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11.2 Built-In Variables

The following variables are built in to E and are called system variables. They are global so can be accessed from any procedure.

arg
This is a string which contains the command line arguments passed your program when it was run (from the Shell or CLI). For instance, if your program were called fred and you ran it like this:

fred file.txt "a big file" another
then arg would the string:

file.txt "a big file" another
If you have AmigaDOS 2.0 (or greater) you can use the system routine ReadArgs to parse the command line in a much more versatile way. There is a worked example on argument parsing in Part Three (see 21 Argument Parsing).

wbmessage
This contains NIL if your program was started from the Shell/CLI, otherwise it's a pointer to the Workbench message which contains information about the icons selected when you started the program from Workbench. So, if you started the program from Workbench wbmessage will not be NIL and it will contain the Workbench arguments, but if you started the program from the Shell/CLI wbmessage will be NIL and the argments will be in arg (or via ReadArgs). There is a worked example on argument parsing in Part Three (see 21 Argument Parsing).

stdin, stdout, conout
The stdin and stdout variables contain the standard input and output filehandles. If your program was started from the Shell/CLI they will be filehandles on the Shell/CLI window (and conout will be NIL). However, if your program was started from Workbench these will both be NIL, and in this case the first call to WriteF will open an output `CON:' window and store the file handle for the window in stdout and conout. The file handle stored in conout will be closed using Close when the program terminates, so you can set up your own `CON:' window or file for use by the output functions and have it automatically closed. See 11.3.1 Input and output functions.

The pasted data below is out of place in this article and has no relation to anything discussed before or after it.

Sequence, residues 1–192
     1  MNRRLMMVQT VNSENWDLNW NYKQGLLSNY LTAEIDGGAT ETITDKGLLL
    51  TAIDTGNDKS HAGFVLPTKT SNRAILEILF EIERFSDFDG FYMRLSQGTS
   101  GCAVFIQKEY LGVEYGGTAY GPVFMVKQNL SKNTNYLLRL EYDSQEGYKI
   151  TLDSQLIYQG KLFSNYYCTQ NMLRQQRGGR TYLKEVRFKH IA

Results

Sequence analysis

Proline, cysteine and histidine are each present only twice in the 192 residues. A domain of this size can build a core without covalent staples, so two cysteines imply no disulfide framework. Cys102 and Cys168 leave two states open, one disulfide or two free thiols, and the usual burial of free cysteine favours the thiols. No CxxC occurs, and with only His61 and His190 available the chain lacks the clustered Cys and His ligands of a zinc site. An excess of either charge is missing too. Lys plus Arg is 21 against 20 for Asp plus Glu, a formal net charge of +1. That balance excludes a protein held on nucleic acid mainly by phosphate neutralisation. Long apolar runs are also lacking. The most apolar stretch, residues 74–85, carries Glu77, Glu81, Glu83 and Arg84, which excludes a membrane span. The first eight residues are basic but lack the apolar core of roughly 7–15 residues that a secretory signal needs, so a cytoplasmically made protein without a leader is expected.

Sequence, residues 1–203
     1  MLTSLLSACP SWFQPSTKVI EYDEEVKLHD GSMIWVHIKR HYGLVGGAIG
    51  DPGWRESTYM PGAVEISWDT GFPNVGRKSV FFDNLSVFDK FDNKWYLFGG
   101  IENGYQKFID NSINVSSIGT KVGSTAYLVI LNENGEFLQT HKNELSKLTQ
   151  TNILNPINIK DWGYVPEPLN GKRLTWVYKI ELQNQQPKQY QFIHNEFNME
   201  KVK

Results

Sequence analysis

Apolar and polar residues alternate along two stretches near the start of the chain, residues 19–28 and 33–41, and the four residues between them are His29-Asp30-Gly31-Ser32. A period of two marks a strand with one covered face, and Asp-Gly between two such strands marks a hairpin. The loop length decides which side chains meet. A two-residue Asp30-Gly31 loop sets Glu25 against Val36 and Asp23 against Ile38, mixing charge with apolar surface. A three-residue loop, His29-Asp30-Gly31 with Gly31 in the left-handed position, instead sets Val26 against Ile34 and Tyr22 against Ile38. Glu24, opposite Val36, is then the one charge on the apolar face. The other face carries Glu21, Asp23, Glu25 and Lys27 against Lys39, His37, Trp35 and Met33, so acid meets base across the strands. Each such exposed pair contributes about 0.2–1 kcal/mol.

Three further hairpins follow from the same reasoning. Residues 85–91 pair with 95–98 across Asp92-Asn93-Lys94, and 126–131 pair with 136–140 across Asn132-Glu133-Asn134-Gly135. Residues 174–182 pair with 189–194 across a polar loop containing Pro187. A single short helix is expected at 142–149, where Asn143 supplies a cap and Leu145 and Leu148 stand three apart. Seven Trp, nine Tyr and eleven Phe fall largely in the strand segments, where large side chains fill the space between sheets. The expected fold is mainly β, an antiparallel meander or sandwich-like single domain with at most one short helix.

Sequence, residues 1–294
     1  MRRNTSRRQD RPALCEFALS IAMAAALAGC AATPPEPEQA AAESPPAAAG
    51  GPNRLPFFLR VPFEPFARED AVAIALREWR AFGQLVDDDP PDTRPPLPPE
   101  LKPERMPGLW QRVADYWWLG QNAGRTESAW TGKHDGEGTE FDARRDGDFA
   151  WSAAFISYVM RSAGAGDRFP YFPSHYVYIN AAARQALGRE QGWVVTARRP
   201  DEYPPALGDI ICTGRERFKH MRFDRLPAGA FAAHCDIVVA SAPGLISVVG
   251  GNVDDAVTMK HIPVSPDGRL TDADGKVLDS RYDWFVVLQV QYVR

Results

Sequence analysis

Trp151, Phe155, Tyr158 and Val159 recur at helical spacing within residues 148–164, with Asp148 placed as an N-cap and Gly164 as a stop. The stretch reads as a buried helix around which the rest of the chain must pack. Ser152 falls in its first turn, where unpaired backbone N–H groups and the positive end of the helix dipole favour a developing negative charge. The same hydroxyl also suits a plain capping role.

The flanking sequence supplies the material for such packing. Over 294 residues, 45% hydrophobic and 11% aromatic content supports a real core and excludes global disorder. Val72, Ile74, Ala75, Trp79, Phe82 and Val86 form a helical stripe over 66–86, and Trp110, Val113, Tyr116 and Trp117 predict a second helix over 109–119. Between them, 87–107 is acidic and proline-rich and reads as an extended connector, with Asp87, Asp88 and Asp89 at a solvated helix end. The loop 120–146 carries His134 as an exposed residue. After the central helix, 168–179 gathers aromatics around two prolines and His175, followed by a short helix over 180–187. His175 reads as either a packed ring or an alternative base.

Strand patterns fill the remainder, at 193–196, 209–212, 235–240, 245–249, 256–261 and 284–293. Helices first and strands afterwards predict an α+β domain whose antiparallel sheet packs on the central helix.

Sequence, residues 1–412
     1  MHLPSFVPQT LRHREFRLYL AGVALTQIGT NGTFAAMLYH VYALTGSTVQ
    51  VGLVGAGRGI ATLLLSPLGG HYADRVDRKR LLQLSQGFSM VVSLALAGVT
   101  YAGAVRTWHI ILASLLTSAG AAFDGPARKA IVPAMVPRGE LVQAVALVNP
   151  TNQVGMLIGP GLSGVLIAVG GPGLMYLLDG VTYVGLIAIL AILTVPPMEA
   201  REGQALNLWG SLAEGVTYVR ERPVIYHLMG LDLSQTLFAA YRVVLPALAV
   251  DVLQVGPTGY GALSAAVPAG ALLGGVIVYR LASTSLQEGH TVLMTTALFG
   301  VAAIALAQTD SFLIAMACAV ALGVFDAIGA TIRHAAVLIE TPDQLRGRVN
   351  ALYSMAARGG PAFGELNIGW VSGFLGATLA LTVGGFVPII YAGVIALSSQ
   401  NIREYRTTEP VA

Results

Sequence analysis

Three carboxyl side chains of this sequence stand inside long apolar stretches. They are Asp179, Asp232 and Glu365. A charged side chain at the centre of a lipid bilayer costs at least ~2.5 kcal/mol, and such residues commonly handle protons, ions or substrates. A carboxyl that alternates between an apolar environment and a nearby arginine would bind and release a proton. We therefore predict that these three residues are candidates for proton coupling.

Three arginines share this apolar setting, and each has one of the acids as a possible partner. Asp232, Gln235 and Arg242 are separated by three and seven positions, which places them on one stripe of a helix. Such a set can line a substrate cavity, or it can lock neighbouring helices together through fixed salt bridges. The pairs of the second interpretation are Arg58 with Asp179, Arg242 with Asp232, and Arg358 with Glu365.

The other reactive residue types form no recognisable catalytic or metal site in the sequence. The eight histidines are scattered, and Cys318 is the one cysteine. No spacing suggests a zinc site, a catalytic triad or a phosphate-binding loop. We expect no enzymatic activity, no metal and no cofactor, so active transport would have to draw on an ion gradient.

stdrast
The raster port used by E built-in graphics functions such as Box and Plot. This can be changed so that these functions draw on different screens etc. See 11.3.3 Graphics functions.

dosbase, execbase, gfxbase, intuitionbase
These are pointers to the appropriate library base, and are initialised by the E startup code, i.e., the Dos, Exec, Graphics and Intuition libraries are all opened by E so you don't need to do it yourself. These libraries are also automatically closed by E, so you shouldn't close them yourself. However, you must explicitly open and close all other Amiga system libraries that you want to use. The other library base variables are defined in the accompanying module (see 12 Modules).


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